Another sign of the swift rise of tablets today: last month tablet usage of the BBC’s on-demand online TV service iPlayer edged past mobile for the first time, with 41 million programme requests by tablet vs. 40 million on mobile, according to BBC stats for the month. There were 200,000 more requests on tablets than mobiles. Overall, across all device types, the service saw 272 million full length programme requests in March in the U.K.
As a percentage of the overall requests by device type, tablets and mobiles took a 15% of the March pie. Judging by the below graph, the two devices have clearly been eating into the share of the main iPlayer access device: the traditional computer. The stats show mobiles and tablets have driven down the usage on computers from 59% in March 2012 to 47% in March 2013. Over the same period, tablets have grown their share from 6% to 15%, and mobiles from 9% to 15%.
This finding aligns with wider industry analysis that PC shipments are declining as people buy and use alternative smart connected devices, such as tablets and smartphones. Gartner predicts almost 200 million tablets will ship globally this year, powered by YoY growth of nearly 70% (IDC pegs the rate at 78.4%). While PC shipments are predicted to decline 7.3% this year. In another related data point to the BBC’s figures, last month, Adobe’s latest Digital Index recorded the proportion of web traffic coming from tablets also pushed past smartphones for the first time.
The BBC’s on-demand TV service, which lets viewers catch up on scheduled programmes after they have been broadcast, is exactly the sort of app you’d expect to thrive on the tablet form factor — which is both portable and has a screen that is large enough to view high production value video content without compromising the overall viewing experience. And the BBC’s iPlayer data bears this out: with considerably higher tablet usage for TV programmes vs radio content.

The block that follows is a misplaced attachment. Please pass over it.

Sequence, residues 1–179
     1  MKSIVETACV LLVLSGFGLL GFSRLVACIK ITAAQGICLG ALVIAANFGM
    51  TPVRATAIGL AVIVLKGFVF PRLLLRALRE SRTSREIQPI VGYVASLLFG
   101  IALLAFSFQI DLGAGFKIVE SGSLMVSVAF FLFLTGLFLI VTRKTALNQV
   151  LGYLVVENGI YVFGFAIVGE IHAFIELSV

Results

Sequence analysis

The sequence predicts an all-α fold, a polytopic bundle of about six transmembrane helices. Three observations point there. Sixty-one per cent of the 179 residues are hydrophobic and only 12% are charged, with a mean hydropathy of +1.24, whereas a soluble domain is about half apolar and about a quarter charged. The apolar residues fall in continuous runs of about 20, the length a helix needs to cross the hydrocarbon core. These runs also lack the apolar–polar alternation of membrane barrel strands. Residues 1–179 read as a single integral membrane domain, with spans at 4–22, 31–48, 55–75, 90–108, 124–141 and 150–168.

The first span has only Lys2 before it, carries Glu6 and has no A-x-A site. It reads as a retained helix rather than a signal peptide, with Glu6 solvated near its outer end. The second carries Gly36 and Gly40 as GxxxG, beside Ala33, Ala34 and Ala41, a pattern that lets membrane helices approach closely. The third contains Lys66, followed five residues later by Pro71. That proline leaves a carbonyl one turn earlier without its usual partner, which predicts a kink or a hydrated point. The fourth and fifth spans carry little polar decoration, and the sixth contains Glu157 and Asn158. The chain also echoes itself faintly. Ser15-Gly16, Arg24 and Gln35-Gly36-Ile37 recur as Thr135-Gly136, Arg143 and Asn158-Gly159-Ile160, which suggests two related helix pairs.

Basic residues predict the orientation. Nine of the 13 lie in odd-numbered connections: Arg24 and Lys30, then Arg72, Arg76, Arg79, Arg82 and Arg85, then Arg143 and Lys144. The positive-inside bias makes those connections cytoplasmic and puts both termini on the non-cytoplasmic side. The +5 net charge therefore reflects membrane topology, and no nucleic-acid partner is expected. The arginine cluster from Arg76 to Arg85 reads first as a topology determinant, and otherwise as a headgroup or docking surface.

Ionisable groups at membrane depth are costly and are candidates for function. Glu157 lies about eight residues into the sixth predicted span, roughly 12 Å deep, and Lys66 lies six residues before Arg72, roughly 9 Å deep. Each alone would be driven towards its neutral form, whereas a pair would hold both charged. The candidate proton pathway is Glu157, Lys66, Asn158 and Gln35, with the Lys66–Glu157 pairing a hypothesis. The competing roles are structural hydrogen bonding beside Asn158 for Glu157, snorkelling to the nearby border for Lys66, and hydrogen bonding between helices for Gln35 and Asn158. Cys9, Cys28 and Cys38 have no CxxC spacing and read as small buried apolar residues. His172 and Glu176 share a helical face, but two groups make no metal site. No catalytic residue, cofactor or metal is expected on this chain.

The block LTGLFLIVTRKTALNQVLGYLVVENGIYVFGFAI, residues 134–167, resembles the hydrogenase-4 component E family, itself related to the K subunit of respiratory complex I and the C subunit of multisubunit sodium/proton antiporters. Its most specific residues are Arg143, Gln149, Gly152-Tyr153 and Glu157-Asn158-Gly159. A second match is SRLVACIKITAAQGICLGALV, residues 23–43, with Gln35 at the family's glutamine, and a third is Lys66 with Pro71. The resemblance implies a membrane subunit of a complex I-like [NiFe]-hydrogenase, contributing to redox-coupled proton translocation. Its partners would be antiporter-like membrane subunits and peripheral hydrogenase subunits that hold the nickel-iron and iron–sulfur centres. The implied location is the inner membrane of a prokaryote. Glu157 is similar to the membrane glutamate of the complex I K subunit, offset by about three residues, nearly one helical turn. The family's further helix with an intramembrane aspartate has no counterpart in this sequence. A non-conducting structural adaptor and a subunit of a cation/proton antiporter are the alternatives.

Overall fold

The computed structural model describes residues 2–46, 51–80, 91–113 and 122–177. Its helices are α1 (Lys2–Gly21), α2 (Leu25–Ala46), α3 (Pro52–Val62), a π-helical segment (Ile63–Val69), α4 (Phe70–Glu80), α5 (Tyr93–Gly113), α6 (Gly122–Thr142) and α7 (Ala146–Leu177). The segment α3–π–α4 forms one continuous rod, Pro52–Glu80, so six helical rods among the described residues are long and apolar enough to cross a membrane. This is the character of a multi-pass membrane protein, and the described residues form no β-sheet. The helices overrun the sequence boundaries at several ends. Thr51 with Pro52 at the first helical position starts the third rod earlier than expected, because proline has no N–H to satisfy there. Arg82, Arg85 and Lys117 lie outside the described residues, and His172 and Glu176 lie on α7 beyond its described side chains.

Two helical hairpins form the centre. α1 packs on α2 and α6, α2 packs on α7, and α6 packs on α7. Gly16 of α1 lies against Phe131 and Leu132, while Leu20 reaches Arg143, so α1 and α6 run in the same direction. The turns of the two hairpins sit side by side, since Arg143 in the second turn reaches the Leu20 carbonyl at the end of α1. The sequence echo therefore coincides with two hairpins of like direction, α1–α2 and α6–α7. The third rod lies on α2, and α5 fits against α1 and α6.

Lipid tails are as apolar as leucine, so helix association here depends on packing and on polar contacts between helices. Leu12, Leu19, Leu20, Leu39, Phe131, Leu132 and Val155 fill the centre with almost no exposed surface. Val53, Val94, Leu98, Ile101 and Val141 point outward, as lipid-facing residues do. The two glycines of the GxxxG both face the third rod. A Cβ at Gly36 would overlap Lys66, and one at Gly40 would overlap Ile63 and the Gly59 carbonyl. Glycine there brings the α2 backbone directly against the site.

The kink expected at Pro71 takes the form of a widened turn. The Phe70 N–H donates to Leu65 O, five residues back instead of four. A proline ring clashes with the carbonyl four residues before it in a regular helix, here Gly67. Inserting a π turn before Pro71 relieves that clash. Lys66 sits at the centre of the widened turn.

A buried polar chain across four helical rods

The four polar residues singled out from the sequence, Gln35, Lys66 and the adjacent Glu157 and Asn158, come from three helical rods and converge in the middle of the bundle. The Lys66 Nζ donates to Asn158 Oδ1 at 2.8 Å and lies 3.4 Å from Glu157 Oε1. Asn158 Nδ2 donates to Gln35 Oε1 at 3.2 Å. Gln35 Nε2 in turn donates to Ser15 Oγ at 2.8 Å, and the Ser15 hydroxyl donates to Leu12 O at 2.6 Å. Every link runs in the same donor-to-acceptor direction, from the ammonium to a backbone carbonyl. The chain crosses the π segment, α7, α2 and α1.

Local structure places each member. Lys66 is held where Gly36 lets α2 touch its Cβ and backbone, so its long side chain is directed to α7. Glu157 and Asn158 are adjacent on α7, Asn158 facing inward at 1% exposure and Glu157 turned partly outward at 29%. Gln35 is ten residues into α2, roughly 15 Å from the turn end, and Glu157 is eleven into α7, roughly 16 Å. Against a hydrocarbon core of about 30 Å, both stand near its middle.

Looking specifically at TV content, the BBC said tablets took a 19% share of iPlayer programme requests in March compared to 17% for mobile. But its radio only data shows tablets dropping right down to 4% while mobile took 10%. Computers swelled their share to 68% of the radio data — suggesting people who are using their computer to multitask use iPlayer to stream radio in the background while they browse the web or work.
The BBC’s iPlayer data also flags up another interesting difference between how people consumer TV and radio content online — with the majority (88% in March) of TV requests being on-demand (i.e. catch up) requests, rather than live TV viewing. But for radio the proportion is almost reversed, with 83% of the radio requests being for live listening.
The BBC licence fee may explain a portion of this behaviour, since iPlayer users are required to be licence-fee paying to view live TV (but do not need to for radio). But it also suggests continued decline in live TV viewing among the iPlayer demographic (which skews younger than traditional TV viewers, with 76% of iPlayer users aged under 55 as of Q4 2012). The proportion of live TV viewing on iPlayer did increase in August (to 32%), possibly owing to the Olympics.